Breakfast is important. In those first moments of your first meal, it sets the tone of the rest of your day. As a child, breakfast was crafted with fascination, from animal-shaped pancakes to intergalactic cereal; It almost felt like a small window to eat, before the contents of my plate would make their escape.
My favourite meal was a boiled egg, with regimented soldiers placed alongside and ready for combat. It is a ritualistic meal – tapping my spoon against the egg, removing the top and dipping the soldier into the salivating, saffron yolk. It is seemingly a quick meal, and I was always eager to start my day and escape from the ordinary into my wild imagination. But this was a moment that I would savour, leading to an unusually quiet morning in a house of frequent, chaotic energy.
To eat soldiers felt fit for a soldier, an occupation that I manifested for myself that day. But that could wait. I placed my cowboy gun nearby, ready to go should an epic battle present itself in the middle of my breakfast.
White roses are traditionally associated with new beginnings, as white as a bridal gown. They may not be as loud as their coloured counterparts, but their understated beauty flaunts in their layered tones of white, playing with light and shadow.
On the first day of Spring, there is no overcast to be seen, but rather an empty sky and a scorching sun. The artist sees this from her studio and, after a long winter, is eager to capture the changing seasons. As if stealing a palette from the sky, her background is sapphire. In her ever-flourishing garden, the muted white roses provide that dramatic contrast that the artist desperately seeks. With a bed of sun-lounging roses below, only the fighting few climb upwards, their tightly closed buds unravelling, their faces exposed. She uses a thin brush to trace their intricate stems, before sculpting her white paint into oval shapes on the canvas.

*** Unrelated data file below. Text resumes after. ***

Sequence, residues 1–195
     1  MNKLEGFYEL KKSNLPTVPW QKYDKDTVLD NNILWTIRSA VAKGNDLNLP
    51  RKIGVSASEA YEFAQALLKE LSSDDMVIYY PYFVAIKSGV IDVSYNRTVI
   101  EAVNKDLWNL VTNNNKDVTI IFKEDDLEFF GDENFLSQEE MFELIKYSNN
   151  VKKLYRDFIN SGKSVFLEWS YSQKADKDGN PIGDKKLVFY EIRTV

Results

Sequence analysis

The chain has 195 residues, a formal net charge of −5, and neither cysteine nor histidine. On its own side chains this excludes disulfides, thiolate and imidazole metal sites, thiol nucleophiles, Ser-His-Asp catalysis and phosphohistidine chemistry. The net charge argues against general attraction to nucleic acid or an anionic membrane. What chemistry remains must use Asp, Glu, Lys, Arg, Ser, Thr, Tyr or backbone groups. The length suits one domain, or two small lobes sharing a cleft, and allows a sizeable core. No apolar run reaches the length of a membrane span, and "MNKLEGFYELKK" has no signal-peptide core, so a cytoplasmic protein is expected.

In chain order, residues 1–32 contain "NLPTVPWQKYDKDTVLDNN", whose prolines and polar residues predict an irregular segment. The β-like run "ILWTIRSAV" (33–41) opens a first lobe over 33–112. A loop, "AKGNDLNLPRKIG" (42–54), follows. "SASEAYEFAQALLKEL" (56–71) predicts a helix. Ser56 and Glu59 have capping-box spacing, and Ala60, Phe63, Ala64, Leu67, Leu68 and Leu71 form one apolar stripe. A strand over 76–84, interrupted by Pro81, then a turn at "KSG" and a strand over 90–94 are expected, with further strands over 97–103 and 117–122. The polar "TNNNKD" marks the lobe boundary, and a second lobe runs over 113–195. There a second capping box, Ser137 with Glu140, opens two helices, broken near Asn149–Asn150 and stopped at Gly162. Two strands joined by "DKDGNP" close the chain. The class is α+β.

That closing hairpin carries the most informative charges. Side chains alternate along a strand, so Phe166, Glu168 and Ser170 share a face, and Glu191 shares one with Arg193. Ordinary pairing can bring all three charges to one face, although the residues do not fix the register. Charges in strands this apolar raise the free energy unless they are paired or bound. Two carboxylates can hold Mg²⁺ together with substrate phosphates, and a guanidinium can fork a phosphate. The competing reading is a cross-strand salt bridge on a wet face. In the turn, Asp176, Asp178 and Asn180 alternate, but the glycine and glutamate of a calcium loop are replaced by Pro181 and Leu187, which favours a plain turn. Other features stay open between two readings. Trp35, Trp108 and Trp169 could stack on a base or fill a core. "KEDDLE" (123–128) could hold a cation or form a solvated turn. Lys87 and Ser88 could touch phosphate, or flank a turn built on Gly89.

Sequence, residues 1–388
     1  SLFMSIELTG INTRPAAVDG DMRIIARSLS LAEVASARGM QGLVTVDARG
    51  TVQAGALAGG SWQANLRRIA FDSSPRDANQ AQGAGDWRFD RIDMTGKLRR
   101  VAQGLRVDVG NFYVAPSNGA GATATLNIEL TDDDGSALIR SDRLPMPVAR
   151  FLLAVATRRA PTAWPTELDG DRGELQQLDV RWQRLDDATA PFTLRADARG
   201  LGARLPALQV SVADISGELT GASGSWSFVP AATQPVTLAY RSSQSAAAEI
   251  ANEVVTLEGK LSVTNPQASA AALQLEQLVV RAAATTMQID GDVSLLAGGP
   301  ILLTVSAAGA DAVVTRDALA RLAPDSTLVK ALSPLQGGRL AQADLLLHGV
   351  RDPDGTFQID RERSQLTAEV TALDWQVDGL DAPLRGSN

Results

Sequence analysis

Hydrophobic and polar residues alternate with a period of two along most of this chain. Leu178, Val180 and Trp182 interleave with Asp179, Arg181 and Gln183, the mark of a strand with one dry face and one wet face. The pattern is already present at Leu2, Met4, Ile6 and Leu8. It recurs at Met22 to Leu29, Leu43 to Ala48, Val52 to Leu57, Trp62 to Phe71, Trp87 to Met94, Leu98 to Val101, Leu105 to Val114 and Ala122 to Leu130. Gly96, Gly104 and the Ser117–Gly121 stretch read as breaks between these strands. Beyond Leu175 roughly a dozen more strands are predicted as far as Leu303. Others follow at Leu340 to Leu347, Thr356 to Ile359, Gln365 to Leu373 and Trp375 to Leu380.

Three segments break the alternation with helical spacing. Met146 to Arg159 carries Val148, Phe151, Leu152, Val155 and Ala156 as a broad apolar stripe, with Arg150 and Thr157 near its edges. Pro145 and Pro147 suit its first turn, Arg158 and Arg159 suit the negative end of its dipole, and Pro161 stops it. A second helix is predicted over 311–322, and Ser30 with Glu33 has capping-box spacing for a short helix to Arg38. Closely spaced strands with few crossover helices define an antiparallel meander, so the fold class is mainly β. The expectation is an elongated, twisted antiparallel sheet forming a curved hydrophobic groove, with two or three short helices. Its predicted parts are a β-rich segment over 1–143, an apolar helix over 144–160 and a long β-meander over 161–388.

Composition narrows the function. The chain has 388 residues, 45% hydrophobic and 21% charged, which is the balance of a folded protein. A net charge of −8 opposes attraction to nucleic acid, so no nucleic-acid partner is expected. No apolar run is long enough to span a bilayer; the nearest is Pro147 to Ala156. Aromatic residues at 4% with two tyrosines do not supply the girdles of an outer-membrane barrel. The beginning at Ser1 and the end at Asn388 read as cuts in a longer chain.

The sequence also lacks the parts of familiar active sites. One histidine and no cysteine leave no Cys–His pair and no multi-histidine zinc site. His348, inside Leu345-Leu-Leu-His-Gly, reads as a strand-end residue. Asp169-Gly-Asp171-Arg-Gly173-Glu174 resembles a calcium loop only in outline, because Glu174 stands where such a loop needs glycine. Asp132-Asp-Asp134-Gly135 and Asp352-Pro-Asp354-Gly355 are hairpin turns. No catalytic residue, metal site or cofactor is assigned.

When the seasons change once more, and we return to shorter days and colder nights, these white roses are a gesture of remembrance. A farewell to summer, but a promise to return, their purity expresses a quiet optimism for the future. This painting says, ‘I’m thinking of you’.
I look through the frosted window of my front door, to see a blanket of snow resting on the chickens, soft but icy. Only their red beaks peak through, contrasting to the perfect white, as bright as the blank page of a new chapter.
Once the door is opened, the warm air is sucked out of my home into my glacial surroundings. The cold air pinches my cheeks, and rises in pearl clouds from my mouth with each breath. My wellies greet me at the doorstep, offering to protect my feet from the cold and slippery ground. Like Cinderella, they perfectly fit for the occasion.
The clean slate from the snow is marked with my brown boot marks, as I gingerly walk toward my velvety-plumaged companions. The hens look up and see me, with their fluffed-up feathers shielding the cold. They gather around my feet, and I lean down to pet them with my gloved hands.
I am reminded of snow days as a child, listening eagerly for news that schools were shut and the day was ours. I scoop a handful of soft snow, pressing my palms together until I have created a solid white globe. I throw aimlessly, as if in the midst of a snowball battle, and it lands in the white abyss. It is a day of quiet bliss, with only the muffled creaking of snow underfoot.